Tuesday, March 24, 2009

Coping With Stress In Different Situations

All of us encounter a lot of pressures everyday. Wherever we go, be it in the workplace, in school, or just staying at home, there will always be some situations that will put some stress sometime depress to our daily existence concerning our job, studies, health, and relationships.

Here are sanity-saving tips to help you cope with stress no matter what situation you are in:
Stress in the Work Place. Most experts suggest a periodic change in routine as a stress reliever.

If you usually check your emails and voice mails once you arrived in the office, try to spend the first hour on creative and strategic thinking instead. During this time, you are at your sharpest and best form. That’s why this is the best time to break down your day into specific tasks, rather than trying to juggle everything. Recent studies reveal that a 50-minute task takes four times as long if you juggle too many tasks at once. Choose a day in a week to leave 30 minutes earlier than usual. Allowing yourself that early exit will keep you on deadline and make you
hyper-focused to complete jobs more efficiently.

To de-stress doesn’t mean to eliminate all of your stresses. It simply means getting control of them, one at a time. Start by making minor adjustments in your life, not the big ones, so as not to add more stress. If you're working on being prompt, get to every appointment, not just to work, five minutes earlier than normal. Successful change is permanent, not dramatic.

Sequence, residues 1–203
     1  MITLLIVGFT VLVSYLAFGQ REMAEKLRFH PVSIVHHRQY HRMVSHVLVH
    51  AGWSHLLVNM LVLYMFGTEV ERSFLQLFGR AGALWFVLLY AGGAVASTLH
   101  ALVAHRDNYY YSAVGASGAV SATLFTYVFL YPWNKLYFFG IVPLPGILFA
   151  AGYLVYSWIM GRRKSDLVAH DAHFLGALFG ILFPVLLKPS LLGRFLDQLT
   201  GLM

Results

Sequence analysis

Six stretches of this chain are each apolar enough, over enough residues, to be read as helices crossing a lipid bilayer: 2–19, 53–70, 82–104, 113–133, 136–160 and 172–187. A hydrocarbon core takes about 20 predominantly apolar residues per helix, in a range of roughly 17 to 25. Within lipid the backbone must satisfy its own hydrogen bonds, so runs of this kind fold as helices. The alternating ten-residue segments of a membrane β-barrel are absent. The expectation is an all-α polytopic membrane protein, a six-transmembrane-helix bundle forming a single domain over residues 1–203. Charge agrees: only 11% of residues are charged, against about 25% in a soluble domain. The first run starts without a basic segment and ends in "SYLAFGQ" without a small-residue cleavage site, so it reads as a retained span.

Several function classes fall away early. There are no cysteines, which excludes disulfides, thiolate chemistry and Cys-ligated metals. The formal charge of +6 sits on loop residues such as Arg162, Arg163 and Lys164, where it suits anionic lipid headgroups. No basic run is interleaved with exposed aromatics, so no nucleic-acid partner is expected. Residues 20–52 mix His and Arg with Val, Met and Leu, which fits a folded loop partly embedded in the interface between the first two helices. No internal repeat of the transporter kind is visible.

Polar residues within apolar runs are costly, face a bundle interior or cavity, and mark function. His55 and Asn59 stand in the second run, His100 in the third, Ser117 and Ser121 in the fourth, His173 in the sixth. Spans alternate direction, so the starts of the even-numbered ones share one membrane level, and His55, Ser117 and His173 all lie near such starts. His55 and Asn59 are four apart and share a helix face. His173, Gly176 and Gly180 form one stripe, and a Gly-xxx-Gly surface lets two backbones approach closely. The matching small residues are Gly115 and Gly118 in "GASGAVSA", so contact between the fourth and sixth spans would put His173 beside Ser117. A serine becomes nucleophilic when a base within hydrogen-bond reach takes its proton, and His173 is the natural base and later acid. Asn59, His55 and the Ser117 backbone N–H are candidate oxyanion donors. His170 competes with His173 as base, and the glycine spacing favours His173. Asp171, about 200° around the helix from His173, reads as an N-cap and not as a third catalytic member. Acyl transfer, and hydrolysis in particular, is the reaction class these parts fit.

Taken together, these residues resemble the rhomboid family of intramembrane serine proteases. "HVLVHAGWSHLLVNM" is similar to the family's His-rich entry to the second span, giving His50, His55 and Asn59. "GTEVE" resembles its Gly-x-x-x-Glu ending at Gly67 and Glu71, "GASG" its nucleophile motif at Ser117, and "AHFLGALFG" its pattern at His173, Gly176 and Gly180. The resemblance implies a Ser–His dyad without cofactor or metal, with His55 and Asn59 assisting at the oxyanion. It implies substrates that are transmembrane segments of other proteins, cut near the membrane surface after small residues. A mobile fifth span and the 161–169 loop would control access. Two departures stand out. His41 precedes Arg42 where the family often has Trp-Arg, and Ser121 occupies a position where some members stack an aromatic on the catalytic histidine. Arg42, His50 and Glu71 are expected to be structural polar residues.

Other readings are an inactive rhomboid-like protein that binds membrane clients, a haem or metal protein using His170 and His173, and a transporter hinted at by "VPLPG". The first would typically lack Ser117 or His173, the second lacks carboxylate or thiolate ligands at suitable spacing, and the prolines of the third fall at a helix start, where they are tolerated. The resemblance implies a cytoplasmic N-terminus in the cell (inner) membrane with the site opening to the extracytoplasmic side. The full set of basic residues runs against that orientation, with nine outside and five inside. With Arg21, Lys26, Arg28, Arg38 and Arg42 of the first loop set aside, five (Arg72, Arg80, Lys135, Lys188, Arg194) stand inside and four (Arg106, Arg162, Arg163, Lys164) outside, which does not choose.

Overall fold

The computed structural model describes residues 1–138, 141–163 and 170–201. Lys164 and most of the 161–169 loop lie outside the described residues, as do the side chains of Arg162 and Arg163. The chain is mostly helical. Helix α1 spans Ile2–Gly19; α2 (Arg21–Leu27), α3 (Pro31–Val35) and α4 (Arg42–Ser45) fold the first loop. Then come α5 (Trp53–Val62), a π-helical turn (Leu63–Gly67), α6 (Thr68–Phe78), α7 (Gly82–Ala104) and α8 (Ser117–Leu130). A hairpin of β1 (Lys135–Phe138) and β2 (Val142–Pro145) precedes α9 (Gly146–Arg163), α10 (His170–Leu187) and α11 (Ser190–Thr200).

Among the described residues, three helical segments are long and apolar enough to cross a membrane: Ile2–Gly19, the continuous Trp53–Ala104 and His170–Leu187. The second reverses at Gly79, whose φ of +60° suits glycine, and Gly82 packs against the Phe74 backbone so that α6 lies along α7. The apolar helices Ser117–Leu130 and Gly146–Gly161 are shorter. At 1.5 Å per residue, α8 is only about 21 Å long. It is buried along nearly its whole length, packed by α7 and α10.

The Anti-Stress Diet. Being in stress mode makes you produce chemical reactions inside your body.
It can make the hormone cortisol to surge and the sugar levels to spike or plummet, which can leave you feeling under pressure and sluggish. Eating the right food can help counteract such reactions.

Avoid sugary cereals or breakfast bars in the morning. Instead, eat whole-grain cereals and a piece of fruit. Supplement your food intake with vitamins including a daily dose of 500 milligrams of calcium and 250 milligrams of magnesium. Magnesium is flushed out when you’re under stress to help regulate the cortisol levels. Snack on crunchy veggie sticks or carrots to help release a clenched jaw and the tension headache that usually accompany stress. Before bedtime, settle with a light carbohydrate-rich snack, like toast and jam which can help quicken the release of the feel-good hormone serotonin, which will help you sleep better.

Stress on Emotions. Do not over-generalize situations, such as: first dates never work out; she always gets promotions before me; he always arrives at least 5 minutes late. The habit of using ‘always’ and ‘never’ steers you away from feeling that you have any control over changing the things that stress or worry you.

Do not allow stress to eat away at you like a squirrel with a nut. Such constantly worried mentality impedes decision-making. Many experts suggest that you write down what you're worried about, and then set aside some quiet time for at least 30 minutes to figure out solutions. This is beneficial in keeping worries from disrupting your work so you will be able to think over whatever problem you might have or whatever situation you are in.

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